It was 1973. Tony Orlando was urging us to “Tie A Yellow Ribbon” around that old oak tree; Marvin Gaye wanted us to “Get It On,” and Paul McCartney just wanted us to “Live and Let Die.” In December of that year, President Nixon signed into law the Endangered Species Act. The intent of the law “was to halt and reverse the trend toward species extinction, whatever the cost.” The Act is administered by two federal agencies: the United States Fish and Wildlife Service (FWS) and the National Oceanic and Atmospheric Administration (NOAA). The Act has been the source of lawsuits and political skullduggery, and has undergone several revisions over the years. Now there are efforts in Congress to overhaul one of the pillars of US conservation policy.
The basic concept is that plant and animal species that are facing extinction would be placed on a list and receive federal protection from being hunted or otherwise killed and their habitat or ecosystem would also receive protection. The first such list was created in 1967 as part of the ESA’s predecessor the Endangered Species Preservation Act and consisted of 14 mammals, 36 birds, 6 reptiles and amphibians, and 22 fish. Over the years, the list has grown. By 2015, the list had grown to 1,583 species just in the US.
Like so many big government programs, the intentions are laudable but the consequences are catastrophic. While the ESA has some notable successful stories, its overall success rate is dismal. Bald eagle numbers increased from 417 to 11,040 pairs between 1963 and 2007 and were removed from list in 2007. But, of the thousands of species on the list, only 28 have been delisted due to species recovery. This gives the ESA about a 2% success rate.
One of the primary reasons for the failure of the program is that farmers, ranchers, and other landowners were not involved in the creation of the program and are often penalized for participating in it. When it comes to protecting species and preserving their habitat, it is the people on the land who are on the front lines of conservation. Rather than incentivizing landowners to help preserve wildlife habitat, the federal government has taken the approach of putting large tracts of land under government management and “protecting” the endangered species in these preserves. American Farm Bureau President Bob Stallman stated, “Today, many landowners hesitate to establish habitat that would help endangered species. That’s so because the law itself makes it impractical for them to use their land once they have made the effort to help in the first place. The ESA can and must be modernized to protect endangered species and respect private property rights. Neither agriculture nor the endangered species have time to wait.”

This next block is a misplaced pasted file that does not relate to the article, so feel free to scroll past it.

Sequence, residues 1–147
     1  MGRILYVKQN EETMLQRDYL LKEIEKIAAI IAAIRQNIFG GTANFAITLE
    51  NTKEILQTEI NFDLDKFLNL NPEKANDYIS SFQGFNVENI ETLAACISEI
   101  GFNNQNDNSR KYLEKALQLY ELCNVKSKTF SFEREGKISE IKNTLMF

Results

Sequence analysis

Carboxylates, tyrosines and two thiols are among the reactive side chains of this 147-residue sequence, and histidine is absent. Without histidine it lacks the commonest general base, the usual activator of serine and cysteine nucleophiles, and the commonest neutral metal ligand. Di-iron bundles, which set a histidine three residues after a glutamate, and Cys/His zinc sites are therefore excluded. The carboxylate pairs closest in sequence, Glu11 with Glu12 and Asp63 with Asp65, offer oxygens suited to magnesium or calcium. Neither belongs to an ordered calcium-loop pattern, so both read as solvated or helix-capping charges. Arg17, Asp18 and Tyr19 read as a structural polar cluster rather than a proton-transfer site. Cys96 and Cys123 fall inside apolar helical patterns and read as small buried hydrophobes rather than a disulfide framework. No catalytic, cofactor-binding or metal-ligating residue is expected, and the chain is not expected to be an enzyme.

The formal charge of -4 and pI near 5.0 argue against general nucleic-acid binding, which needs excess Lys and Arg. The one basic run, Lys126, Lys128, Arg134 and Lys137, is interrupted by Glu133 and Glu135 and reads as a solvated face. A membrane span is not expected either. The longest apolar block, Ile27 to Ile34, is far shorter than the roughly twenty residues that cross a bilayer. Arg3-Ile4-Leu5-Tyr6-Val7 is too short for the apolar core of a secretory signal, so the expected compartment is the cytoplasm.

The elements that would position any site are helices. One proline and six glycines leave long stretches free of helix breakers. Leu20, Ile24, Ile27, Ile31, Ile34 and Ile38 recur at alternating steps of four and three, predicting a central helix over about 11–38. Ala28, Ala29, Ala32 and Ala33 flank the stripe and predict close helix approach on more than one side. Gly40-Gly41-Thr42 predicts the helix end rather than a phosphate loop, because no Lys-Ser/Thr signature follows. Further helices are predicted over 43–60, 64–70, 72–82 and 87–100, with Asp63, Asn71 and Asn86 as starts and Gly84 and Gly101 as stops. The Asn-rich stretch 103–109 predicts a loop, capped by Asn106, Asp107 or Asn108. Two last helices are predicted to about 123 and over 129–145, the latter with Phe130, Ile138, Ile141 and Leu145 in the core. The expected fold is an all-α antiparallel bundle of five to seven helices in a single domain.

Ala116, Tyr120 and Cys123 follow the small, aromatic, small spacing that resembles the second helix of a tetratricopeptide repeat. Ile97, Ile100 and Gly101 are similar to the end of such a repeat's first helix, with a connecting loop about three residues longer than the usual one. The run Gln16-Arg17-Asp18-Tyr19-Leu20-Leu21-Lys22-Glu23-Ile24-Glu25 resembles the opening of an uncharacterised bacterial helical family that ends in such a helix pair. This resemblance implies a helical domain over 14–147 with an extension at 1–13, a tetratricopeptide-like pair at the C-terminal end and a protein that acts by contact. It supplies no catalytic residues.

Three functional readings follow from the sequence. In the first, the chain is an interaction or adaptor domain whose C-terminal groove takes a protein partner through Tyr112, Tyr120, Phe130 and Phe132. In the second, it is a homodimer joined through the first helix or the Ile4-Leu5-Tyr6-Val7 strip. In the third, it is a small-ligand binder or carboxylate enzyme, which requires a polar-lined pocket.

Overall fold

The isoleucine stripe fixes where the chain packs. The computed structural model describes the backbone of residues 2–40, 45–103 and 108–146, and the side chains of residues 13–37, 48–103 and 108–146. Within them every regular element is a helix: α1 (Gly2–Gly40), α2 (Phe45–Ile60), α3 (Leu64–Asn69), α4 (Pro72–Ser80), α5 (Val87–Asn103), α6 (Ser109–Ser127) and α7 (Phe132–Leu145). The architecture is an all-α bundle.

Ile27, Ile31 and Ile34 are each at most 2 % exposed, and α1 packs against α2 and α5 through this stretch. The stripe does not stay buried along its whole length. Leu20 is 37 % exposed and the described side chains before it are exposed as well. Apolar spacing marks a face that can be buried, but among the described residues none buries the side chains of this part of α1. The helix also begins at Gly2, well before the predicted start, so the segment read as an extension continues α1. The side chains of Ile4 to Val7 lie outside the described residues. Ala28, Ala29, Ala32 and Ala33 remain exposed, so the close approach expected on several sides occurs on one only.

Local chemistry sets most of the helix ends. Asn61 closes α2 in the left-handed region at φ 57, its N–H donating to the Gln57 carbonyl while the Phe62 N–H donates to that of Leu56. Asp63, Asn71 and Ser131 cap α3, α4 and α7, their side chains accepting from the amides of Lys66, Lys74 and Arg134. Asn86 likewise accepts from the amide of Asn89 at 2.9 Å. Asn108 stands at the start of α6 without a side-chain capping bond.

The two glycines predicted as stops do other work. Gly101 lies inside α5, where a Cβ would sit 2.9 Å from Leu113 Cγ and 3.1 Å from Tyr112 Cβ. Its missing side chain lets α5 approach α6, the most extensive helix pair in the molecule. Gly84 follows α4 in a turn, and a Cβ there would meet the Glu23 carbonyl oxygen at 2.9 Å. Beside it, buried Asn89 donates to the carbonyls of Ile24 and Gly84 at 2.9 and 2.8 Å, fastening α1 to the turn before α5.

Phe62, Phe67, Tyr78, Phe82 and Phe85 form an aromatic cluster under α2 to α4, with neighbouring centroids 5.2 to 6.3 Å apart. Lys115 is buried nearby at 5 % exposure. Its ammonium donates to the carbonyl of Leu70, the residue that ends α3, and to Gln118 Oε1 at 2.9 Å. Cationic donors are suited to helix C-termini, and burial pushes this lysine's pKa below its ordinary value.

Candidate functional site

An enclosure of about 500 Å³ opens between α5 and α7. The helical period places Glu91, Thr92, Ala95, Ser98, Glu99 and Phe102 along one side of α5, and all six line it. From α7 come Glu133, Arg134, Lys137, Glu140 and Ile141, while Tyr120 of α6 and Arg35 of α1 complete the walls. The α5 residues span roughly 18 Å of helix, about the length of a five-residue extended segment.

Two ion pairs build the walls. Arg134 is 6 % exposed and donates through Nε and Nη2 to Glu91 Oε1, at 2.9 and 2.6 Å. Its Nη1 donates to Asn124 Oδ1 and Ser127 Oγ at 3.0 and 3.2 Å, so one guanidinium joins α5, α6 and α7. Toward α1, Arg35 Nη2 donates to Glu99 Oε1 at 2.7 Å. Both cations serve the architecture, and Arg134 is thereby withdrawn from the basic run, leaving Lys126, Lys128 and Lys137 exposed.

Farm Bureau released a survey that shows Americans also want changes made to the ESA. The survey showed that 63% of Americans support modernizing the ESA, 62% of Americans believe the act should help with species recovery (as opposed to merely cataloguing changes in their populations), 69% of Americans want the federal government to offer resources to third parties to help species recovery, and 49% of Americans believe that state or local authorities (rather than the federal government), should lead in recovery of endangered and threatened species. Only 31 percent of Americans favor the federal government taking the lead.
Yet, any changes to the ESA will be difficult. Many environmental groups staunchly support the status quo. The Huffington Post recently quoted a different public opinion survey that they says shows strong public support for leaving the ESA alone, “The poll results show that support for endangered species conservation remains strong and that the public just doesn’t buy the argument that we have to choose between jobs and conservation.” Recent efforts by Congress to make changes in ESA have been met with veto threats by the White House.
Meanwhile, landowners fear taking any action to preserve wildlife for fear they will lose control of their land if an endangered species is found on it or it is determined to be a habitat for species on the list. In many western states, the shoot, shovel, and shut up philosophy is practiced. Protecting wildlife is important for our environment and our future, but so is feeding people. A policy that provides incentives — not penalties or red tape — for protecting species is needed.
A program with only a 2% success rate over 40 years needs to be revised. However, science and practical land use need to be the foundation of any revision, not political posturing or environmental ideology. Conservationists should not fear the overhaul of the ESA, and landowners should be involved in the process to craft revisions that are workable and actually help manage wildlife populations and habitat.
By Gary Truitt